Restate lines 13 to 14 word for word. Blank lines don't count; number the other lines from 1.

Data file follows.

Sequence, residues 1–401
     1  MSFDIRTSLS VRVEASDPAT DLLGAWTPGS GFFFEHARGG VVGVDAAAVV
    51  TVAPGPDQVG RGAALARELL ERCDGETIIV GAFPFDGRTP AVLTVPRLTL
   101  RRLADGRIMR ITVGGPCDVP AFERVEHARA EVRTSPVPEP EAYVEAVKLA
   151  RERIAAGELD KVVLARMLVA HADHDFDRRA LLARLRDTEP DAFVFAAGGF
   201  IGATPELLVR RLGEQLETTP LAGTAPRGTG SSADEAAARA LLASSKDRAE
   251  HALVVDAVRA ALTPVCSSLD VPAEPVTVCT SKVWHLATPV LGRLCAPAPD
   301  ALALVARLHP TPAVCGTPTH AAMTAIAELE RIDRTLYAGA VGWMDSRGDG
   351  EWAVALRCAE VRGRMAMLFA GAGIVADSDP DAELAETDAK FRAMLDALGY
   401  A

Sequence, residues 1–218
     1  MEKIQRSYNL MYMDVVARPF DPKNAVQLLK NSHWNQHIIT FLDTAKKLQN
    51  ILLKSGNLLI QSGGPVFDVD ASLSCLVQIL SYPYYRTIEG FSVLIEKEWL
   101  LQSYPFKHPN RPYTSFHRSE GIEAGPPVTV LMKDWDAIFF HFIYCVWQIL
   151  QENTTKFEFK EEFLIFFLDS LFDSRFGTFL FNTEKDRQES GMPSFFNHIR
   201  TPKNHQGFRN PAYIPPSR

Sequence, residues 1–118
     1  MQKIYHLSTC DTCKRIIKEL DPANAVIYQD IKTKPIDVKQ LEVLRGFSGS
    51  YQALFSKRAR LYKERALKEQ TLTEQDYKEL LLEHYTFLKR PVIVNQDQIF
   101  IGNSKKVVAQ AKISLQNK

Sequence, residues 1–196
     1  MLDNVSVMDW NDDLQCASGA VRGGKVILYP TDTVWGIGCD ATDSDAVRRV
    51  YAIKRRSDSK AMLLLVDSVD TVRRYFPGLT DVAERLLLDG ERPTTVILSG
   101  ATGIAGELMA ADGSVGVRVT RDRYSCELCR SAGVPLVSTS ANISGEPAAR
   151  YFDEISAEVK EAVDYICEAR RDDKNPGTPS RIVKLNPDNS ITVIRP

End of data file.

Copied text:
    51  ILLKSGNLLI QSGGPVFDVD ASLSCLVQIL SYPYYRTIEG FSVLIEKEWL
   101  LQSYPFKHPN RPYTSFHRSE GIEAGPPVTV LMKDWDAIFF HFIYCVWQIL